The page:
COOK’S CORNER: Grilling the Thanksgiving turkeyMore Info
Great Barrington — Grill your turkey! That’s right, light your grill and cook your Thanksgiving turkey outdoors just as the Pilgrims did. Cook the bird on the grill. Once you do, you will never cook it in the oven again. The flavor will be awesome! Trust me! You’ll love it.
I have cooked hundreds of turkeys on the grill over the past 40 plus years. It’s easier than you think.
Before we grill, we should talk about the turkey itself. Turkeys do not have a lot of flavor by themselves. The juiciest part of the bird is in the thigh and drumstick while the breast meat has very little.
But turkeys can be a great canvas for flavor. You can add any flavor in the form of ingredients such as herbs, spices, fruit, vegetables, and even bacon. Use your imagination.
One thing you will not do when you grill a turkey is add stuffing to the cavity. It may work in the oven, but I do not recommend doing so on the grill because the turkey may be cooked but the stuffing may not be and you risk cross-contamination.
So only insert flavor in the cavity of your turkey.
Should you brine your turkey? That would depend. Are you buying a frozen bird or a fresh one? Has your bird been enhanced, that is, injected with a salt solution when processed? The salt injection produces pretty much the same result as a brine, so brining isn’t necessary and it would probably make your turkey to salty.
But a fresh turkey is a different story. Yes, brine a fresh turkey if you like, but you don’t have to as I will demonstrate further down in this article.
How to thaw a frozen turkey
The so-called experts say thaw in the fridge for 72 hours. Or you can thaw more quickly in cold water. Thaw at a rate of one hour per pound. Unless the water is running, change it every 90 minutes.
For a guide to brining the bird, see instructions below this article.
Now, let’s talk about what flavors to add to your turkey: Fresh herbs such as sage, rosemary, thyme, parsley or some chives. You might want to add a cutup onion and smashed garlic along with celery. And there’s always bacon. How about pouring maple syrup in the cavity, or wine or beer?
You can add citrus, like oranges and lemons. Spices like cloves. The list can go on and on. Again, use your imagination.
Once your turkey has been prepped, and the “innard pack” and neck have been removed (make sure you reserve the pack to boil to make gravy), it’s time to the grill ready for roasting the bird.
Are you using a gas or charcoal grill?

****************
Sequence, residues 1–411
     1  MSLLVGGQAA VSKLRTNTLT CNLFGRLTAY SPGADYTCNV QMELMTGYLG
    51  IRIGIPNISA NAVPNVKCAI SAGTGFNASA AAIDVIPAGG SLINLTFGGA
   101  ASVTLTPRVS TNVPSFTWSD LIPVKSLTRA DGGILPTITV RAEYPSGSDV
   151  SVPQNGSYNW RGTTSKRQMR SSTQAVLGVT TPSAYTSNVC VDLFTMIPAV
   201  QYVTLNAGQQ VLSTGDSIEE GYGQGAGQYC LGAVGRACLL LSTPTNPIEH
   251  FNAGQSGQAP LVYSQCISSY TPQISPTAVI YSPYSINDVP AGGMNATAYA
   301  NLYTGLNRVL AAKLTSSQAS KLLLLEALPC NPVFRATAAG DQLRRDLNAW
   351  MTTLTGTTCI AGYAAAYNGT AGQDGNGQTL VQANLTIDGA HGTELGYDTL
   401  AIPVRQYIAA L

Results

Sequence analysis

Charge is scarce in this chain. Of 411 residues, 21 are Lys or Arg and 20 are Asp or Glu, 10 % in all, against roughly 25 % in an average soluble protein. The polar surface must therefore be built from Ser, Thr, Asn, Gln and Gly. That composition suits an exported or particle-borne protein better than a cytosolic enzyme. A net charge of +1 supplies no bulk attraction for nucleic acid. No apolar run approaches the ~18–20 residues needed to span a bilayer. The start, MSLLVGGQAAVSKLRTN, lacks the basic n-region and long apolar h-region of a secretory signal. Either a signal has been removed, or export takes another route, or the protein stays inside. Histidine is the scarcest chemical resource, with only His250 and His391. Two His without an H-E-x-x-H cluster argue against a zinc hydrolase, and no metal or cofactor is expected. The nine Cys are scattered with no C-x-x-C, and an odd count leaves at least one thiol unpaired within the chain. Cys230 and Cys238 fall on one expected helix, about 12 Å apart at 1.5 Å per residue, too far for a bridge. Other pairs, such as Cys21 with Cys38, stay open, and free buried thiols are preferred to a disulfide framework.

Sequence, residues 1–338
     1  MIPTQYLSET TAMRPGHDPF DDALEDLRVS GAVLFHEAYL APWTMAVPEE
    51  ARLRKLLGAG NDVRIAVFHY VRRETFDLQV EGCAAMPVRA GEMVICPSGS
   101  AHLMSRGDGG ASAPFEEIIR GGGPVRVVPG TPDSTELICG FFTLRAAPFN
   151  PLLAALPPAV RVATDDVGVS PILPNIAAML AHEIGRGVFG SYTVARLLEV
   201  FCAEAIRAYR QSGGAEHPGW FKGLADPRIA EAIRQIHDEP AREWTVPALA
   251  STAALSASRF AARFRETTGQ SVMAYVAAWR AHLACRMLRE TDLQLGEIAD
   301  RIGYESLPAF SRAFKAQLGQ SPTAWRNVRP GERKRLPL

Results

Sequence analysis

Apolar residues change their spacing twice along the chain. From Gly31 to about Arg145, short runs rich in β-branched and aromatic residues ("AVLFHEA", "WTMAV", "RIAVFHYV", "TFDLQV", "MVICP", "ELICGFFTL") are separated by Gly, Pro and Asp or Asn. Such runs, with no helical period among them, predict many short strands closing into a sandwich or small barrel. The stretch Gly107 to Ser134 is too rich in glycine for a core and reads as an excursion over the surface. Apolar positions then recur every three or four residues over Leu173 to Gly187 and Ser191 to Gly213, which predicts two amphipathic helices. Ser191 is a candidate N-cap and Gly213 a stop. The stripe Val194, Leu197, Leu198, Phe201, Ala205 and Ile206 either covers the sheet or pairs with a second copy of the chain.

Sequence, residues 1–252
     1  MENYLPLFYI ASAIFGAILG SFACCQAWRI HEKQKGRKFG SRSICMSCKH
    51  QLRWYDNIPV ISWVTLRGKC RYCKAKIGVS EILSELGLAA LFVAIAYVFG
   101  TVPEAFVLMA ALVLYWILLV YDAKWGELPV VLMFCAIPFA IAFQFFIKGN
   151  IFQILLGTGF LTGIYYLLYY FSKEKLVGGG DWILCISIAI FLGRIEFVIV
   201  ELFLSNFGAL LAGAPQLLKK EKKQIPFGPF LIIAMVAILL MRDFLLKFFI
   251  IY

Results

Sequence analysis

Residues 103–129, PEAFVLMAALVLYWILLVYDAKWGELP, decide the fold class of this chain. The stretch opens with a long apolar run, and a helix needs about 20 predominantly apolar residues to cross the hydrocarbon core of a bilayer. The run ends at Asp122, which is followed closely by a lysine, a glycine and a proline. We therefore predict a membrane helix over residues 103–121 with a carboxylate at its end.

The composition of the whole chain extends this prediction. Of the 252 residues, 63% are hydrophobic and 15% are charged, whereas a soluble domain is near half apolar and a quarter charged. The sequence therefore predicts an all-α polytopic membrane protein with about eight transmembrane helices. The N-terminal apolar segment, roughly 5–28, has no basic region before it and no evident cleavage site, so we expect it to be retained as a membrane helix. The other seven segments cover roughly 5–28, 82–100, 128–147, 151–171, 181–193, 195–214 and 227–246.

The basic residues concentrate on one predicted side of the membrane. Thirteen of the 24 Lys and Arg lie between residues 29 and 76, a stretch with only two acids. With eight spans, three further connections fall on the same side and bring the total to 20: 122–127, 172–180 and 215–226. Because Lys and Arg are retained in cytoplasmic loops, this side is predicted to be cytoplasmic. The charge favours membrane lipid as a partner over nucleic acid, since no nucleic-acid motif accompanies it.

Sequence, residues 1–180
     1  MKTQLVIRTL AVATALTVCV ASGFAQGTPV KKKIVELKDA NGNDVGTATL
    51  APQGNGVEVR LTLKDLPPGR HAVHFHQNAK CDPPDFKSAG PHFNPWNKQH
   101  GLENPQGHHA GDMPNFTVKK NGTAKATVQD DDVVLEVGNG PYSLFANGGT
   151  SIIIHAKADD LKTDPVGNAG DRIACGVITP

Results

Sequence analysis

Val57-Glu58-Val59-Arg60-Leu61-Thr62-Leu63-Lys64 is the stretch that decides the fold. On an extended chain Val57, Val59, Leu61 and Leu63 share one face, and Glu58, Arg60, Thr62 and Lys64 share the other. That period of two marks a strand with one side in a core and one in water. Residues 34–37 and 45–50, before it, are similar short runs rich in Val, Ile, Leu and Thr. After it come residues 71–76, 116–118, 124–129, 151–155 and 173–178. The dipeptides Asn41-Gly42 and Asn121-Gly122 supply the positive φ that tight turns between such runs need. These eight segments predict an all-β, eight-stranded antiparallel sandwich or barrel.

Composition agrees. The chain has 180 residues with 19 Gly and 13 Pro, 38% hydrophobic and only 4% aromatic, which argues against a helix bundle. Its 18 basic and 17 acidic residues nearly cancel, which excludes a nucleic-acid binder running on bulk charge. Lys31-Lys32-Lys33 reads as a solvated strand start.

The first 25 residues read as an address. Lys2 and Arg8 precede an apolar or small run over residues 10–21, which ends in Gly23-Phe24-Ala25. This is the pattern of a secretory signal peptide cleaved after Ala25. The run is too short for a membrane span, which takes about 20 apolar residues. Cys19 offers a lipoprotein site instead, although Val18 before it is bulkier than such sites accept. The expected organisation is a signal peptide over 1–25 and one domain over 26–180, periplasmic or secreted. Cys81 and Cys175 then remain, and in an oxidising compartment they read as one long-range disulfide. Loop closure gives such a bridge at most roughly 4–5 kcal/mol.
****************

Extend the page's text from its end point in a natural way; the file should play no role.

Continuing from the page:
Gas is easier and more foolproof but charcoal provides much more flavor and you can better smoke with charcoal than gas.
I’ll start with charcoal. I’ve used Weber kettles for over 40 years and trust them. I know them and trust them. But a gas grill is completely OK.
I use a Weber chimney starter. They’re about $17 at the hardware store and come with instructions on how to use them.
What will you need to grill a turkey on a charcoal grill?
A full 18-pound bag of charcoal
A lighter or matches
9 x 13 drip pans.
What will you need to grill a turkey on a gas grill?
At least a three-quarter full propane gas tank;
Some 9 x 13 drip pans or a large roasting pan.
For charcoal, if you want to add smoke flavor, try some maple or apple wood chips soaked in water (or beer, wine, or juice) for one-hour before using.
For gas, do not soak. Use dry wood chips.
Wrap a handful in a foil pack, poke some holes in the top to let out the smoke and lay right on the heat source.
Try it out!
For a guide on grilling the turkey, please see the Griller/Diller directions below this article. In the meantime, Thanksgiving is still several weeks away so this will give you time to practice. Practice with a 6- to 8-pound roasting chicken. The procedure is the same as using a 12- to 14-pound turkey.
And have a happy Thanksgiving. If you have additional questions, feel free to call me at 413-429-7762 or email me at firstname.lastname@example.org.
How much salt should you use?
Use 1 pound salt for every gallon of water. Or roughly 1 cup of table salt and 1.5 to 2 cups kosher salt, depending on how coarse your kosher salt is. (Diamond Crystal or Morton’s)
Adding Extra Flavor
You can impart further flavor into meats by adding more than just salt and water to brines: Experiment with sugar (honey, maple syrup and fruit juices or ciders work, too), herbs, and other aromatic ingredients (garlic, onion, peppercorns) to your taste. It’s common, but not necessary, to boil the brine first to bring out the full flavor of these ingredients. If you go that route, just be sure to fully cool the water back to fridge temperatures before submerging your meat.
When brining an “enhanced” bird (injected with a solution), cut the amount of salt in the brine by half. A good time guideline for brining is 45 minutes per pound.
- Always rinse brined meats well before cooking.
- You don’t need to cook to 180 degrees. The FDA guideline is now 165 degrees.
Brining and Salting Guidelines
This chart can be used for general guidelines; however, in some cases recipes will specify different formulas and times:
How to salt turkey
Whole turkey: Apply kosher salt (1 teaspoon per pound) evenly inside cavity and under skin of breasts and under skin legs, wrap tightly with plastic wrap, and let rest in refrigerator 24 to 48 hours.
Boneless or bone-in turkey breast: Apply kosher salt (¾ teaspoon per pound) evenly between skin and meat, leaving skin attached, and let rest in refrigerator on wire rack set in rimmed baking sheet at least 6 hours or up to 24 hours. (Wrap with plastic wrap if salting for longer than 12 hours.)
How to brine turkey
Whole turkey (12 to 17 pounds):
Mix 2 gallons cold water with 1 cup table salt; brine 6 to 12 hours
Whole turkey (18 to 24 pounds):
Mix 3 gallons cold water with 1½ cups table salt; brine 6 to 12 hours
Bone-in turkey breast (6 to 8 pounds):
Mix 1 gallon cold water with ½ cup table salt; brine 3 to 6 hours.